Yinz’r Scrooged at Bricolage | Theater | Pittsburgh | Pittsburgh City Paper

Yinz’r Scrooged at Bricolage

The writers have a lot of fun spinning Victorian characters and attitudes into recognizable Pittsburgh memes.

’Tis the season when local theater companies drag out the red felt, holly leaves and holiday theatrical warhorses, toss them onstage and celebrate the season … while, not coincidently, making a little year-end book-balancing cash.

Bricolage, as usual, mixes it up by serving Charles Dickens with a unique twist. Yinz’r Scrooged is a contemporary Christmas Carol set in Pittsburgh and adapted by Tami Dixon and Sam Turich for the troupe’s Midnight Radio series (staged readings presented in the style of radio plays).

click to enlarge Sheila McKenna in Yinz’r Scrooged, at Bricolage - PHOTO COURTESY OF TAMI DIXON
Photo courtesy of Tami Dixon
Sheila McKenna in Yinz’r Scrooged, at Bricolage

I expected a gag-filled spoof of local people and events, which Yinz’r Scrooged certainly is, but I’m pleasantly surprised that Dixon and Turich went beyond easy jokes and offered some depth. Ebenezer Scrooge is now Jebenezer, running a large, UPMC-type corporation, and his bank balance is as large as his heart is small. The writers have a lot of fun spinning Victorian characters and attitudes into recognizable Pittsburgh memes. But they refuse to sentimentalize Dickens’ socialist ideals, and they have Jebenezer furiously denounce unionizing attempts and belittle the Fight for $15 campaign. Amid all the laughs the show generates, and it’s a lot, I could feel pockets of neo-economical unease in the audience. Dickens would have been very happy.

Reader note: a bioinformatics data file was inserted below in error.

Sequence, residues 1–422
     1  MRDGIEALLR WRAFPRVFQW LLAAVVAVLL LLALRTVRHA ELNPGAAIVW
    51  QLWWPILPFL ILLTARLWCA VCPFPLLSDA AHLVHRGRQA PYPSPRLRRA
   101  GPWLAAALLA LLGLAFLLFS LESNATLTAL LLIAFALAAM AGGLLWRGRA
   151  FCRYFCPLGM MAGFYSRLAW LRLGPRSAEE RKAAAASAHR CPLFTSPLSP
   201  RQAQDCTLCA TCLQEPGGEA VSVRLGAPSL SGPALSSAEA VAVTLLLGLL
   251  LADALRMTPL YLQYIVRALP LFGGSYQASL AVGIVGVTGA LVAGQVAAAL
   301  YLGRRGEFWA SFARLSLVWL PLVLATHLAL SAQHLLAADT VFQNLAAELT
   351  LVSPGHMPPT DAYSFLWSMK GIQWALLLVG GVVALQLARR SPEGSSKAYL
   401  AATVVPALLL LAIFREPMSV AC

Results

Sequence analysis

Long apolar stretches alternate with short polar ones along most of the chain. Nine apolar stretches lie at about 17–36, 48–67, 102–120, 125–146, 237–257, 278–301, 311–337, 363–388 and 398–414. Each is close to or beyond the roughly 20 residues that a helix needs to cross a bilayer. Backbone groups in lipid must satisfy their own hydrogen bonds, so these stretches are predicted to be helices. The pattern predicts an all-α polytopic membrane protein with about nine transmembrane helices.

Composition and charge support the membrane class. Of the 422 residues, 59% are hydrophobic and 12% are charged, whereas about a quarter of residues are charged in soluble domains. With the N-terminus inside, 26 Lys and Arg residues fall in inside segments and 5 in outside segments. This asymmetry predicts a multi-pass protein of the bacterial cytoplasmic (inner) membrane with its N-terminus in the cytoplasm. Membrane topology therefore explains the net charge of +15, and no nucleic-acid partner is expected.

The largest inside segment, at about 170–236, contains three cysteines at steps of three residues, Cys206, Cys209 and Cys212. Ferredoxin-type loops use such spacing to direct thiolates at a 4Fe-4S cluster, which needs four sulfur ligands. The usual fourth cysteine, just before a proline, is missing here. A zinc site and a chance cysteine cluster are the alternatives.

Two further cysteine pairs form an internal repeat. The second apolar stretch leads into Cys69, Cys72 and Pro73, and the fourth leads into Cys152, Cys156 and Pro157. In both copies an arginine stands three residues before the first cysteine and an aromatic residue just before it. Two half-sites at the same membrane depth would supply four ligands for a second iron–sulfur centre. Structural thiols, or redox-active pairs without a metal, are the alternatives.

As usual with the Midnight Radio series, the talent on display is top-notch — musicians James Rushin with George Elliot and Kira Bokalders (the Bah Humbugs) are a constant joy, and the five-person cast is delightful. Howard Elson is a terrific Jebenezer, expertly lacing his comic villain with a hard-edged bitterness. Lissa Brennan is amazing employing several different versions of a Pittsburgh accent; her terminally bored soup-kitchen functionary is a hoot. (Brennan is a frequent CP contributor.)

Sheila McKenna, as she’s proved so often, is one of our city’s most outstanding comedians and wrings laughs out of even the simplest line … which she does again and again. Matching her on every level is Connor McCanlus, whose pathetically doomed “Tiny Tony” is gloriously unhinged. And Michael McBurney’s affectionate parody of Mister Rogers as the Ghost of Christmas Past was, for me, the evening’s highlight.

As they say in the show: “God bless yinz, everyone.”

Comments (0)

Add a comment